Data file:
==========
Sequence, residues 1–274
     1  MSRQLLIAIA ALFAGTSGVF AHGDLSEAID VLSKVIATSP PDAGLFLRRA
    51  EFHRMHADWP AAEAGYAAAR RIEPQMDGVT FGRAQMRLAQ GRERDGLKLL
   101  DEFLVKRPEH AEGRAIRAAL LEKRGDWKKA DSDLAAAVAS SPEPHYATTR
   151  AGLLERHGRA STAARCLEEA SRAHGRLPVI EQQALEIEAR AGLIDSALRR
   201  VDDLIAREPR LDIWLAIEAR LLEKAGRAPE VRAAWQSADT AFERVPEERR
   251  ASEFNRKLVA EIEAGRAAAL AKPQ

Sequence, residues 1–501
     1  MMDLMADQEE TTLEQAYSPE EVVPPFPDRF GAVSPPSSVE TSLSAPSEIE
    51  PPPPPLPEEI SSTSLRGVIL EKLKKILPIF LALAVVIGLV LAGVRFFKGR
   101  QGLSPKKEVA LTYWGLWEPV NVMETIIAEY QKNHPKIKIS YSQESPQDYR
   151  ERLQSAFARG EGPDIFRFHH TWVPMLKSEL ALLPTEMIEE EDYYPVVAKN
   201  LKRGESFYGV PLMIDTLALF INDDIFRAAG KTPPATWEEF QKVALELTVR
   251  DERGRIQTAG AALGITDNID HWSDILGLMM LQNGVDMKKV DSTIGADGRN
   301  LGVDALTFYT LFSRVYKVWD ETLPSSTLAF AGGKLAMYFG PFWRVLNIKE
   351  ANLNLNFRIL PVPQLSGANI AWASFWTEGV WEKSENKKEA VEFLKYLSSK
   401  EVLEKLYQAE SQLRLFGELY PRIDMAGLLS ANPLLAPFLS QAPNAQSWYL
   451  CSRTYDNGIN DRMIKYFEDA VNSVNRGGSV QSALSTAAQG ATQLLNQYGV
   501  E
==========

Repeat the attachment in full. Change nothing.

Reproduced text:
Sequence, residues 1–274
     1  MSRQLLIAIA ALFAGTSGVF AHGDLSEAID VLSKVIATSP PDAGLFLRRA
    51  EFHRMHADWP AAEAGYAAAR RIEPQMDGVT FGRAQMRLAQ GRERDGLKLL
   101  DEFLVKRPEH AEGRAIRAAL LEKRGDWKKA DSDLAAAVAS SPEPHYATTR
   151  AGLLERHGRA STAARCLEEA SRAHGRLPVI EQQALEIEAR AGLIDSALRR
   201  VDDLIAREPR LDIWLAIEAR LLEKAGRAPE VRAAWQSADT AFERVPEERR
   251  ASEFNRKLVA EIEAGRAAAL AKPQ

Sequence, residues 1–501
     1  MMDLMADQEE TTLEQAYSPE EVVPPFPDRF GAVSPPSSVE TSLSAPSEIE
    51  PPPPPLPEEI SSTSLRGVIL EKLKKILPIF LALAVVIGLV LAGVRFFKGR
   101  QGLSPKKEVA LTYWGLWEPV NVMETIIAEY QKNHPKIKIS YSQESPQDYR
   151  ERLQSAFARG EGPDIFRFHH TWVPMLKSEL ALLPTEMIEE EDYYPVVAKN
   201  LKRGESFYGV PLMIDTLALF INDDIFRAAG KTPPATWEEF QKVALELTVR
   251  DERGRIQTAG AALGITDNID HWSDILGLMM LQNGVDMKKV DSTIGADGRN
   301  LGVDALTFYT LFSRVYKVWD ETLPSSTLAF AGGKLAMYFG PFWRVLNIKE
   351  ANLNLNFRIL PVPQLSGANI AWASFWTEGV WEKSENKKEA VEFLKYLSSK
   401  EVLEKLYQAE SQLRLFGELY PRIDMAGLLS ANPLLAPFLS QAPNAQSWYL
   451  CSRTYDNGIN DRMIKYFEDA VNSVNRGGSV QSALSTAAQG ATQLLNQYGV
   501  E